But every time I made that walk, a South Sudanese officer would pull me into his office after the U.S. officials had left. He was a lean, angular guy, and he sat on his chair thumbing through a Bill Nye book. Sometimes he would just stare at me for minutes at a time. I wouldn't break eye contact because I wanted to show him that I had nothing to hide.
He asked questions — "Is it fair that your country is slaughtering civilians? Is it fair that they keep prisoners in secret prisons?" — but every time I tried to talk, he'd interrupt with warnings and boasts about how South Sudan could kill me and my family if it wanted us dead.
I remember when he said that, another officer in military fatigues was in his office. He smiled. It was gentle, but also clear that he found this whole scene a little entertaining.
"Eyder," he said. "Have you ever been a soldier?"
He wanted to know what life was like in New York City, how kids went to school. He wanted to know what life would be like if you didn't have to be on the run. Most South Sudanese have had to flee multiple times in their lives. Some of the refugees I spoke with in Uganda could remember hiding in the bush with their parents when they were attacked by Sudanese troops. Now they had fled with their own kids.
Before we could talk, the first officer sent me off. The next day, he called me back to his office, and he shouted that the United States was undermining the independence of South Sudan. He was agitated, belligerent.
I lowered my voice and I told him that he had to listen to me.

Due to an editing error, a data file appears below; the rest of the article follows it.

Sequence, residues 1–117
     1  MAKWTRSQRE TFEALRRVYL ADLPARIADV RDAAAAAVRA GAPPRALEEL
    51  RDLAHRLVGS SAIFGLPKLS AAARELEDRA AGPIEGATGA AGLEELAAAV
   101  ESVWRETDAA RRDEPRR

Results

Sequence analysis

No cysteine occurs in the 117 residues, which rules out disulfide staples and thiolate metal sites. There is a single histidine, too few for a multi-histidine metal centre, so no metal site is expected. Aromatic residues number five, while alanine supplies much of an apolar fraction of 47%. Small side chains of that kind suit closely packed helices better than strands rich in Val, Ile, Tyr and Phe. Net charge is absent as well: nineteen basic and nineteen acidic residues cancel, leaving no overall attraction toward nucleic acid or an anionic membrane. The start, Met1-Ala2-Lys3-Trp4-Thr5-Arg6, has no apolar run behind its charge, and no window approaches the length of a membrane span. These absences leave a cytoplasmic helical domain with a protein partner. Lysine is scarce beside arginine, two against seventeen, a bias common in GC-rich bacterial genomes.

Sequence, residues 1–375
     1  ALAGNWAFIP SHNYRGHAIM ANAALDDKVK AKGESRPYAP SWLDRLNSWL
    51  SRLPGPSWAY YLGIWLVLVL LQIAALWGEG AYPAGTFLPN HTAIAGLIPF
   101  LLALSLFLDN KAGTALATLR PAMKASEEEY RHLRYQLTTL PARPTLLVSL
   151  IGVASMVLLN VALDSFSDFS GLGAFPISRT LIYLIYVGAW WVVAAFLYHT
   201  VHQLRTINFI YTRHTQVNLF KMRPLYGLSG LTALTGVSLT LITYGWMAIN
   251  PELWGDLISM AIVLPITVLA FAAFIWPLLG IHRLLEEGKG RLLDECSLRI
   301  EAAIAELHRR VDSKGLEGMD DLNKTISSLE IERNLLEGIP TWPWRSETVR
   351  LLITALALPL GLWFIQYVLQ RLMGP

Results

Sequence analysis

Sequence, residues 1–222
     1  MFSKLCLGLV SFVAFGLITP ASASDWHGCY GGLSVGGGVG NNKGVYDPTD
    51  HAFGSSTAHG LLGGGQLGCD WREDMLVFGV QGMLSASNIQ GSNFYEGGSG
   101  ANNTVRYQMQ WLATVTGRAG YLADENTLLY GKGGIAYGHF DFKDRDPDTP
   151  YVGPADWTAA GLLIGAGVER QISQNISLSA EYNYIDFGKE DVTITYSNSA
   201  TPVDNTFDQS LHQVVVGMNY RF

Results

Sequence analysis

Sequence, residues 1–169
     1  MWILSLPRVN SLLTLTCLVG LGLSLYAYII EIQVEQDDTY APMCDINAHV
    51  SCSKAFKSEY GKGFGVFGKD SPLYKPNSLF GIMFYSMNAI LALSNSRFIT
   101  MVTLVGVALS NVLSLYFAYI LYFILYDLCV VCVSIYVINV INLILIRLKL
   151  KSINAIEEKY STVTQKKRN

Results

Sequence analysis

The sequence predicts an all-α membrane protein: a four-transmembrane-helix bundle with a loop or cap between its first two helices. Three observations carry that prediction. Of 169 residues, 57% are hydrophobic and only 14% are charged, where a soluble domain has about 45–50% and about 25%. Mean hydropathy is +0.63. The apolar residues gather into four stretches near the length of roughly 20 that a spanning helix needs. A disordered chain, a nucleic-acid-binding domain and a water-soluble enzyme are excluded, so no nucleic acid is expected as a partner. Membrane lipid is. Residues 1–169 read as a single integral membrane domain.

A person, I told him, is not a country, and also, he didn't know me. I told him I was a child of war, born during the civil war in Nicaragua. Like so many of his people, my family fled. We found peace and a home in the United States.
It's not a perfect country, I told him, but it was instrumental in supporting South Sudanese independence — and it was also, right now, paying for more than half the food that is being dropped out of airplanes in famine-hit areas.
His demeanor changed. His voice became softer.
"Eyder," he said. "When you go back to your country, I want you to tell your people that we all want peace."
He pointed out the window. He said in that direction was the first paved road most South Sudanese had ever seen.
"We're trying to build a country," he said.
This war, this killing, he said, is necessary to emerge a stronger country.
At that moment, I had no doubt he believed it. I nodded. But I also suspected that to the millions of South Sudanese who have been forced from their homes and to those who have lost children, mothers, fathers, husbands, wives, those words would sound hollow.
I was released from jail without charges on May 1, four days after I was picked up. Livio, the United Nations journalist, was released without charges on May 26, after two years and nine months.
A government official drove me to the airport for my deportation to Kenya.
"You are welcome in South Sudan," he said. "This was all a misunderstanding."
South Sudan is the biggest tragedy unfolding on the continent today. It's not a story you just let go. I told him that maybe someday, I would test that invitation.